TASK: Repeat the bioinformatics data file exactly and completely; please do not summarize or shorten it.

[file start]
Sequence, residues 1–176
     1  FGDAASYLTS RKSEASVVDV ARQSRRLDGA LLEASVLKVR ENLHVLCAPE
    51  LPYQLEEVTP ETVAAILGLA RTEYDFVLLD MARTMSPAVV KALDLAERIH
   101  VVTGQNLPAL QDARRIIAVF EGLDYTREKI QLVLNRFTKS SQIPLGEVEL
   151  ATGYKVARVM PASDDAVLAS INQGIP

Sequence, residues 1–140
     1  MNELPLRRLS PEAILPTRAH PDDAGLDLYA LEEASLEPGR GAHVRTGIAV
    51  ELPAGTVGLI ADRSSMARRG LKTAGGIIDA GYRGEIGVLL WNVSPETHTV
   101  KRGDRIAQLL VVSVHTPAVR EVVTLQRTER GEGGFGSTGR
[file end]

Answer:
Sequence, residues 1–176
     1  FGDAASYLTS RKSEASVVDV ARQSRRLDGA LLEASVLKVR ENLHVLCAPE
    51  LPYQLEEVTP ETVAAILGLA RTEYDFVLLD MARTMSPAVV KALDLAERIH
   101  VVTGQNLPAL QDARRIIAVF EGLDYTREKI QLVLNRFTKS SQIPLGEVEL
   151  ATGYKVARVM PASDDAVLAS INQGIP

Sequence, residues 1–140
     1  MNELPLRRLS PEAILPTRAH PDDAGLDLYA LEEASLEPGR GAHVRTGIAV
    51  ELPAGTVGLI ADRSSMARRG LKTAGGIIDA GYRGEIGVLL WNVSPETHTV
   101  KRGDRIAQLL VVSVHTPAVR EVVTLQRTER GEGGFGSTGR